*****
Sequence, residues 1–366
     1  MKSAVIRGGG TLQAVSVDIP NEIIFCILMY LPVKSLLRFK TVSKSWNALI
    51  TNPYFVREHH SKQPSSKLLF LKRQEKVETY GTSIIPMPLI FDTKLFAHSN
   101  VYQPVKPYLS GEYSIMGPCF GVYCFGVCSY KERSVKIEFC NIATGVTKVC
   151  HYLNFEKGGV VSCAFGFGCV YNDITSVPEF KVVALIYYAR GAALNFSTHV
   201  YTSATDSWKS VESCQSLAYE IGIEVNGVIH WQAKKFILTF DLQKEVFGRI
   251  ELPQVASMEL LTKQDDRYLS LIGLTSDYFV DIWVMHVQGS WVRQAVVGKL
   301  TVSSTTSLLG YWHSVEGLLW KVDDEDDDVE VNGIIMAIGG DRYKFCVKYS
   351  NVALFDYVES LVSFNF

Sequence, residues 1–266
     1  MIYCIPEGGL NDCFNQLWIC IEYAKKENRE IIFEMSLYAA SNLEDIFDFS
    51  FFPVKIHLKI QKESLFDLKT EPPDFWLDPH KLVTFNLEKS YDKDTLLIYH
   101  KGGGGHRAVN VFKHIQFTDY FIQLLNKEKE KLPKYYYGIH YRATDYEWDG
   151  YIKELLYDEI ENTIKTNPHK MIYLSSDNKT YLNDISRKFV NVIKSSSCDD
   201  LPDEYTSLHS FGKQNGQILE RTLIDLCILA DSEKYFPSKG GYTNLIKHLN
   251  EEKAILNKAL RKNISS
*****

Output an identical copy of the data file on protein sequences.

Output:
Sequence, residues 1–366
     1  MKSAVIRGGG TLQAVSVDIP NEIIFCILMY LPVKSLLRFK TVSKSWNALI
    51  TNPYFVREHH SKQPSSKLLF LKRQEKVETY GTSIIPMPLI FDTKLFAHSN
   101  VYQPVKPYLS GEYSIMGPCF GVYCFGVCSY KERSVKIEFC NIATGVTKVC
   151  HYLNFEKGGV VSCAFGFGCV YNDITSVPEF KVVALIYYAR GAALNFSTHV
   201  YTSATDSWKS VESCQSLAYE IGIEVNGVIH WQAKKFILTF DLQKEVFGRI
   251  ELPQVASMEL LTKQDDRYLS LIGLTSDYFV DIWVMHVQGS WVRQAVVGKL
   301  TVSSTTSLLG YWHSVEGLLW KVDDEDDDVE VNGIIMAIGG DRYKFCVKYS
   351  NVALFDYVES LVSFNF

Sequence, residues 1–266
     1  MIYCIPEGGL NDCFNQLWIC IEYAKKENRE IIFEMSLYAA SNLEDIFDFS
    51  FFPVKIHLKI QKESLFDLKT EPPDFWLDPH KLVTFNLEKS YDKDTLLIYH
   101  KGGGGHRAVN VFKHIQFTDY FIQLLNKEKE KLPKYYYGIH YRATDYEWDG
   151  YIKELLYDEI ENTIKTNPHK MIYLSSDNKT YLNDISRKFV NVIKSSSCDD
   201  LPDEYTSLHS FGKQNGQILE RTLIDLCILA DSEKYFPSKG GYTNLIKHLN
   251  EEKAILNKAL RKNISS